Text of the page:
John Bohn: Reconsider the challenge of the small-budget film aesthetic

By John Bohn, Daily Arts Writer
Published February 21, 2013

What are the dreams of the aspiring dreamers? It’s natural to believe that dreams are the most expansive terrain of who we are or could be. However, we still must see them for the enclosed spaces that they are; the world limits the imagination and channels it into its course. While consumer culture and mass media have been able to increasingly draw the artist into their fold, those who look to make a living off of art are faced with the restrictive demands, visions and values of an industry.

Obviously, I am not the first to pull down the curtain and reveal Hollywood foremost as a business. While it would be sloppy to imply that Hollywood is synonymous with the Oscars, the award ceremony functions as an institution part and parcel of the film industry; it postures itself as legitimating works and performances. Even if the actors, one by one, step up and say that anyone could have won, winning an Oscar opens up opportunity and determines the allocation of resources.

Taking a step back, I wonder, when talking about how good other films and performances are, do any of these actors include in their acknowledgement the films of the other, lesser-known categories? How about the films that were rejected or never even considered? Or a step further: Do they think of those who couldn’t afford the endeavor, who never got money for their projects?

This last point is highlighted in the art of film. Technological and economic conditions are real and concrete concerns for the film industry. When Victor Hugo sat down to write “Les Miserables,” he could have conceivably written any story. Recasting the literary process in terms of film, he could have chosen any event and portrayed it through whatever series of shots he desired. In the most crude and unforgiveable of terms, the lens of his mind was free to go as far as the mind could take it.

Who then sits down to produce the film? With a large cast, depictions of a violent struggle and, one cares about historical accuracy, the details of the period — someone very privileged. I don’t mean to ignore the theatrical adaptation in this account. Obviously the grand historical narrative of “Les Miserables” has adapted to the confines of the stage, but film unleashes the mind from the finite dimensions of a material stage. CGI technology and a large budget have a similar effect on the notion of what is possible.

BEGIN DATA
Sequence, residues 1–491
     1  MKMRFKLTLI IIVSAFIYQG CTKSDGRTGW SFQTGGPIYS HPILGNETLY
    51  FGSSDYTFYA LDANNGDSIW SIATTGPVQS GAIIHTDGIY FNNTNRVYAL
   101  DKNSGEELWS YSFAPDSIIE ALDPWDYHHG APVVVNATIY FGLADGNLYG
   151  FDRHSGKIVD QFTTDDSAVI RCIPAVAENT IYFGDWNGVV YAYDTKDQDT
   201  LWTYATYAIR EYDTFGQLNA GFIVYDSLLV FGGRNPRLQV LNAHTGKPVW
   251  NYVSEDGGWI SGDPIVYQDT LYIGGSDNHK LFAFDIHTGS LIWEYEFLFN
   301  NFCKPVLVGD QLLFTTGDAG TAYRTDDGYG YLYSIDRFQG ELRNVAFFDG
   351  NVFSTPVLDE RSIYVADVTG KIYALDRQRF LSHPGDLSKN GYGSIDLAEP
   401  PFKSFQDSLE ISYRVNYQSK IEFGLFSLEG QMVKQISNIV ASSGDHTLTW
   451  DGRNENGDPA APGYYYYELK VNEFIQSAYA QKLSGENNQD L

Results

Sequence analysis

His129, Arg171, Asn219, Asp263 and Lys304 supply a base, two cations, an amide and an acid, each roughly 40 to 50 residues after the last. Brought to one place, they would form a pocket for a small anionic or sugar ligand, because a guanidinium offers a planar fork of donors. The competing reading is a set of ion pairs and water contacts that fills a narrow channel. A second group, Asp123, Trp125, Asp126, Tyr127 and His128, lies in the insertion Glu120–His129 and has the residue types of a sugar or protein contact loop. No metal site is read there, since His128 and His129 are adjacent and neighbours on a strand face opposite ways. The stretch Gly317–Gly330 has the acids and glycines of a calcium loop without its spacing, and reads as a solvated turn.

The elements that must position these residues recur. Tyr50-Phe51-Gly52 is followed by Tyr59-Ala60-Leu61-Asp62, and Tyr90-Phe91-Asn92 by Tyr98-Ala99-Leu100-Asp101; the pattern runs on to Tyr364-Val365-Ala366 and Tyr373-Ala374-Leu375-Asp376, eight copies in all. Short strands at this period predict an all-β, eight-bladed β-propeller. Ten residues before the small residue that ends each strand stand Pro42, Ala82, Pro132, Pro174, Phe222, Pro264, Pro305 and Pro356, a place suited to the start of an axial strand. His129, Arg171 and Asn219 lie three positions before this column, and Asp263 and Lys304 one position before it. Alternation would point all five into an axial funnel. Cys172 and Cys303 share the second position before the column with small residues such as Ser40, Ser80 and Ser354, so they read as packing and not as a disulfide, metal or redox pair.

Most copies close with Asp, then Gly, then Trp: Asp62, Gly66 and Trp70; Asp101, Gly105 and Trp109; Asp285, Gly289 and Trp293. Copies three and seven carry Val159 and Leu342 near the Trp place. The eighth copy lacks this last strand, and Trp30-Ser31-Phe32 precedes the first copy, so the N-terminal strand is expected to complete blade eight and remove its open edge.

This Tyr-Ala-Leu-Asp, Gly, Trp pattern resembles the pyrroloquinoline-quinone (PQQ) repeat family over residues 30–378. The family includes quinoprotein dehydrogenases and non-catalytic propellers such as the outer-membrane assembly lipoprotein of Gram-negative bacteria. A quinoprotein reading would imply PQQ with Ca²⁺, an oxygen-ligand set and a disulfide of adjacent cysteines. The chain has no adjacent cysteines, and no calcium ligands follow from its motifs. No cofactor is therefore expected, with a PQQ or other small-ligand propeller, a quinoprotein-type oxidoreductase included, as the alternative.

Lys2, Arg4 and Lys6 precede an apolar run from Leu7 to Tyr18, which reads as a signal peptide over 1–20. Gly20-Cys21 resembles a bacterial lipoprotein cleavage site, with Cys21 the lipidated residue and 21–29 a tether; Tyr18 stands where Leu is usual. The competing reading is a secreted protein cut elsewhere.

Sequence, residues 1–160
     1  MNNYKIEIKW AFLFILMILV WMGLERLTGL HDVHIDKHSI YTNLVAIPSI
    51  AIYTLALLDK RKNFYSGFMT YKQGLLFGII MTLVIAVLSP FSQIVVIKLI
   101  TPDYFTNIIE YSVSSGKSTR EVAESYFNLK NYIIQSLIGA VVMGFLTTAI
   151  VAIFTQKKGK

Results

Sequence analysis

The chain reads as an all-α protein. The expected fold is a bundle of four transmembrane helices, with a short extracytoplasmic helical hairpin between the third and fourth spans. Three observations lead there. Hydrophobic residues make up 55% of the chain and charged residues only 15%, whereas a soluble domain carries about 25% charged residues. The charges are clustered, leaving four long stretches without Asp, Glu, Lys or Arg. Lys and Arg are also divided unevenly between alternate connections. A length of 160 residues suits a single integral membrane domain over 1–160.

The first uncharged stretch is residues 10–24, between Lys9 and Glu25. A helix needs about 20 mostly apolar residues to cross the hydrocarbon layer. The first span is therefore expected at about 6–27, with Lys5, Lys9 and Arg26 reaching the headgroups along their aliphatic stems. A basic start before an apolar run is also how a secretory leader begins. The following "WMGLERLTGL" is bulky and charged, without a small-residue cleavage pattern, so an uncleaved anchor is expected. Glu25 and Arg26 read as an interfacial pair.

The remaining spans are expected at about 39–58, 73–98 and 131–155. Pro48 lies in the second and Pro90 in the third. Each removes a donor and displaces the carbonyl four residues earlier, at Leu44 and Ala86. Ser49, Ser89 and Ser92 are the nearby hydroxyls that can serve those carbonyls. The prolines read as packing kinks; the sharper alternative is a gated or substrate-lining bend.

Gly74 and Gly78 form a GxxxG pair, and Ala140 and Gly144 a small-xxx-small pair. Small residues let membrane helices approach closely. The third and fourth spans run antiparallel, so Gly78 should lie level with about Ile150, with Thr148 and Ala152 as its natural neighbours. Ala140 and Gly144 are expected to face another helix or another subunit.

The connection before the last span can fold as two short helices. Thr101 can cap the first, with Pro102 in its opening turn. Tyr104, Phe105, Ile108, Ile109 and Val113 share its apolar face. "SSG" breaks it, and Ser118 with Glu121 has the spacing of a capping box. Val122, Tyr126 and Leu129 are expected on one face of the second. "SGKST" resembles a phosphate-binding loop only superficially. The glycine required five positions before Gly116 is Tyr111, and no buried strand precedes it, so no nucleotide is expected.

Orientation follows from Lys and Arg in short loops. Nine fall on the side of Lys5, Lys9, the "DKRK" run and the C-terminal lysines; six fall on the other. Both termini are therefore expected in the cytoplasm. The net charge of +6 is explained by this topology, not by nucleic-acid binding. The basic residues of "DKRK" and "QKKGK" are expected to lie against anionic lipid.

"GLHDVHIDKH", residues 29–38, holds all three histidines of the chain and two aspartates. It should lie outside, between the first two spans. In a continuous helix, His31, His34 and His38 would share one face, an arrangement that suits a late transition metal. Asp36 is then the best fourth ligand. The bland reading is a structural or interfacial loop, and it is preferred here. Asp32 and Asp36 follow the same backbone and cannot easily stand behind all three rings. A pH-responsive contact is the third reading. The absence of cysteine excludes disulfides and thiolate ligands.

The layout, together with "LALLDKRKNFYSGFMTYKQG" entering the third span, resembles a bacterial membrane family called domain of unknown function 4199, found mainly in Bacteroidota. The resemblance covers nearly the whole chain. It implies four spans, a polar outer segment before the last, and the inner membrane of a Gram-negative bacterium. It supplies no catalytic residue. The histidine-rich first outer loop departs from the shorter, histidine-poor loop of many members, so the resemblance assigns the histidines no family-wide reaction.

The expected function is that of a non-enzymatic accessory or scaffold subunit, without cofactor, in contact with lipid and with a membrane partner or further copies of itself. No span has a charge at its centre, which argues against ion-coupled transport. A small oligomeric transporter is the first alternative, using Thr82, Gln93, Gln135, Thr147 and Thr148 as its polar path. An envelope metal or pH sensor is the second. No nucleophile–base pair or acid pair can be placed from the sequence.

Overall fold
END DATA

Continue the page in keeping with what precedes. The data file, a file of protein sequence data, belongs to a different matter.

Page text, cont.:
But, in regard to amateur productions of film, do we think of it as clamoring at the limits of budget and technology? Is amateur film judged in light of what it cannot do? I’m worried that the answer is “yes.”

As the Community Culture columnist, it is the locale with which I am most concerned. Therefore, I ask the Oscars: What use does your award ceremony have for the aspiring filmmakers at the University? In a certain sense, the arcane training process of replication falls apart in film practice; we can’t go out and do what they do because we don’t have the means to do it. However, what if we were to avoid thinking of local amateur film as a merely transitory state toward the bigger and better things of the Oscars? Let’s carve out a place for our own aesthetic with its own forms and devices, critics and producers.

Instead of conceiving projects too grand for our available canvas and unhappily making sacrifices, let’s turn the limitations into resources of our imagination. Artists on a budget have already shown their ingenuity over the years. David Lynch’s “Eraserhead” is the first that comes to my mind. But what about taking one step further, or one step less? With the economy in its current state, I think this is an appropriate time to reconsider the experimental challenge of budget art.

I would argue that there is an untapped pool of aesthetic possibility where the progress of technology and the summit of budget cast shadows. I will also argue that the prevalence of such art would be a healthy alternative to the aristocratic productions that have a near-monopoly on the medium.

So, again, when we look to the Oscars for inspiration, where does it take our minds? For me, elsewhere other than seeing and embracing the freedoms of our limitations.